When Christopher Duncan issued his debut album, Architect, to near-unanimous critical praise in July 2015, it was clear that we’d hit on a rare talent. The skilled Glaswegian multi-instrumentalist delivered a work combining beguiling dream pop with the expansiveness of classical music, which flared-up images of Cocteau Twins, Fleet Foxes and Sufjan Stevens, and marked C DUNCAN as an artist carving a distinctive musical identity for himself.
A graduate of music composition from Glasgow’s Royal Conservatoire, Duncan wrote and recorded Architect alone in his Glasgow flat on a bedroom studio set-up, gradually adding each layer and each instrument one at a time, building up the breadth of the pieces. The LP, which won him a Mercury Prize nomination, evidences Duncan’s considerable abilities not only as a pop songwriter, but also as a gifted academic musician. The moods shift effortlessly from winsome shanties to irresistible collages of Beach Boys expanse, and it’s lovingly assembled intricacies and subtleties make for a wholesome collection of reverential indie music. Almost predictably, dates supporting Belle And Sebastian duly followed.
With a headline date in Liverpool on the horizon, we asked our February 2016 cover artist – and C Duncan’s current touring partner – Tom Low to interview The Grand Architect, tasking him to find out a bit more about his mysterious talents.
Tom Low: When did you first start writing music, and what influenced you to do so?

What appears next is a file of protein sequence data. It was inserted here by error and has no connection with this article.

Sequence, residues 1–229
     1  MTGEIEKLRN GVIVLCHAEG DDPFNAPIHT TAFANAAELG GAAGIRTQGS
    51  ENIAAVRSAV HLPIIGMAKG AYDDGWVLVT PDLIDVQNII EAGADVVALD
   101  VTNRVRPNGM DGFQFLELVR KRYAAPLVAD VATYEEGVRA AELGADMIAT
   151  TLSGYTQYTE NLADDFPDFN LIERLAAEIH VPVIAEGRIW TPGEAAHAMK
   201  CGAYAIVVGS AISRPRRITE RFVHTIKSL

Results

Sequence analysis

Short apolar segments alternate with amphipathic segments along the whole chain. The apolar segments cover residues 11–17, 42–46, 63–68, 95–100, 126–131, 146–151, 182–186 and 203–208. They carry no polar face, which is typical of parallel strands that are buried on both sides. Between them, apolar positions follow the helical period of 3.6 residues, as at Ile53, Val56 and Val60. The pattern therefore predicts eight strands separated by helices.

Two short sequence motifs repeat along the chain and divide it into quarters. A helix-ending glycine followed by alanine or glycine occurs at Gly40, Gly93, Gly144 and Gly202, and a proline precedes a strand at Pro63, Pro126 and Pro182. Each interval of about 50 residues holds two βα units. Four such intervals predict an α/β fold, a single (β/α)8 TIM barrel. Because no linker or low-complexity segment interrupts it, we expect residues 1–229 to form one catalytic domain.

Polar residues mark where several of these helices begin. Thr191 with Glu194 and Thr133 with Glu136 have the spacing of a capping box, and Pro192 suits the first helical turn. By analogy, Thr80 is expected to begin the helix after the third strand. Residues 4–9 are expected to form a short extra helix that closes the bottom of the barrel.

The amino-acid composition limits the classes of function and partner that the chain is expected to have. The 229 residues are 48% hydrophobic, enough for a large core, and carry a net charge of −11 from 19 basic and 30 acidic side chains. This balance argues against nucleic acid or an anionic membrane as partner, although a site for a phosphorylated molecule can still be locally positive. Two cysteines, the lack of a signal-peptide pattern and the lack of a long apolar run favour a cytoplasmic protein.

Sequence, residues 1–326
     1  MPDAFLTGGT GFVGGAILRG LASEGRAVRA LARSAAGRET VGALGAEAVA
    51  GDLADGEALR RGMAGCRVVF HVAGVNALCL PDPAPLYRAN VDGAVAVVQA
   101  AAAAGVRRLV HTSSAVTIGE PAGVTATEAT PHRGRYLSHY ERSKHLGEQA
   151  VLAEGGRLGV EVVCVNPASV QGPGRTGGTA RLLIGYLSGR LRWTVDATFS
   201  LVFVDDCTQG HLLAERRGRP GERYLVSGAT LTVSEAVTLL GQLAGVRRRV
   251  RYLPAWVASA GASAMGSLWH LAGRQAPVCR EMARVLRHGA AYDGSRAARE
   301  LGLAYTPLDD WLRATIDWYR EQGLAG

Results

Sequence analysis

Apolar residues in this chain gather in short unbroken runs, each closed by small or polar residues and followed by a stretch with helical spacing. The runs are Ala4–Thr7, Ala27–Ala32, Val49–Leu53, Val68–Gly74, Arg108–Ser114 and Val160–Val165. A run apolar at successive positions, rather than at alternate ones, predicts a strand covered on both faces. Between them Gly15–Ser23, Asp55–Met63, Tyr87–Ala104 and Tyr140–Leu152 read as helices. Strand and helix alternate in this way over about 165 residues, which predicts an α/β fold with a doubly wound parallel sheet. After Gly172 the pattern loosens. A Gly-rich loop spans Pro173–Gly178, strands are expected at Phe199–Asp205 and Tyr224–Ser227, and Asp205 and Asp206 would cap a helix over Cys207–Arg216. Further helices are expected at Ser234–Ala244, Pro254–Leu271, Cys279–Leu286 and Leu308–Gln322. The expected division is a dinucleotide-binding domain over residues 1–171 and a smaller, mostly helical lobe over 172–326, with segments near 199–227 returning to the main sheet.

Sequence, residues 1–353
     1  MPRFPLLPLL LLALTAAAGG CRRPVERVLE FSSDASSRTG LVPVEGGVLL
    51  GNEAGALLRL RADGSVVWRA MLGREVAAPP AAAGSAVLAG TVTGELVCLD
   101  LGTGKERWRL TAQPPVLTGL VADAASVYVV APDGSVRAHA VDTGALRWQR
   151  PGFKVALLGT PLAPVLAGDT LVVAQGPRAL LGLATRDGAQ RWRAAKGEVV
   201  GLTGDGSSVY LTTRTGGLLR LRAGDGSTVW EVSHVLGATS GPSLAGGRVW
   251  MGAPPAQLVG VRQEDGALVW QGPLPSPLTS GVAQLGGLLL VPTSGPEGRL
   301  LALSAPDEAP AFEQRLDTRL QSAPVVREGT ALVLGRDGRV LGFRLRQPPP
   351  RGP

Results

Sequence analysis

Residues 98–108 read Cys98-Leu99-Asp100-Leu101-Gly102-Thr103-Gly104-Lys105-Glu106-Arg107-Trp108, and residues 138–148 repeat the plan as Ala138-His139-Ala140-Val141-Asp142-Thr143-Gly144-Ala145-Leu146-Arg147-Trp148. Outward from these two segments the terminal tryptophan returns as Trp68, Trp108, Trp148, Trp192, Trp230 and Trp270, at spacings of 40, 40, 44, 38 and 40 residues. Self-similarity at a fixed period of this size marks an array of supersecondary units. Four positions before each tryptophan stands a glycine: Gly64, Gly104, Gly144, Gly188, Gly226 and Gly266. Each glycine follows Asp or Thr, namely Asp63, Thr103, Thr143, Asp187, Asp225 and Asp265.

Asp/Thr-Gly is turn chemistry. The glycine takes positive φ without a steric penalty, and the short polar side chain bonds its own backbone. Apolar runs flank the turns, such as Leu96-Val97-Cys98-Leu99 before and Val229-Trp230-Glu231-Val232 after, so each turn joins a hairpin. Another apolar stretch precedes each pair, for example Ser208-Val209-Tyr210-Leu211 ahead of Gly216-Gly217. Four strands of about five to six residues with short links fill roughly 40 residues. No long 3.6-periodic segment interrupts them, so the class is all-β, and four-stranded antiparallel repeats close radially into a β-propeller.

C Duncan: I started writing music when I was about seven. The first thing I wrote was a little piano piece, which was terrible, but I enjoyed writing it. I was brought up on a lot of classical as both my parents are violinists, particularly Baroque and Romantic music. We also listened to a lot of The Carpenters when I was growing up. Having musical parents, and studying music, I have been surrounded by so many different genres of music, a lot of which has influenced me, particularly impressionist music and alternative artists like Dirty Projectors, Björk and Thundercat. Music and art are always what inspire me most, although when starting new songs I usually have a place or landscape in mind which shapes the mood of the song.
TL: What is your preferred method of working?
CD: I love recording alone. I like to be in charge of everything, so I usually need to work alone. I usually start with the melody and fit the chords and harmonies around it, and then I usually write the lyrics once I have an idea of what the song will sound like. I don’t know if that’s a backwards way of doing it, but it’s very music driven. The words tend to fit around the vibe of the music.
TL: What is the favourite piece of music you’ve ever written?
CD: There are a couple of songs from my new album which will be released later in the year that I’m particularly fond of, as I feel I am beginning to hone a sound that I have been striving to achieve for a while. My favourite track from Architect is As Sleeping Stones. It’s pretty dreamy…
TL: How has your knowledge of classical composition informed writing the more pop-based songs that make up Architect? Does it also impact your approach to painting?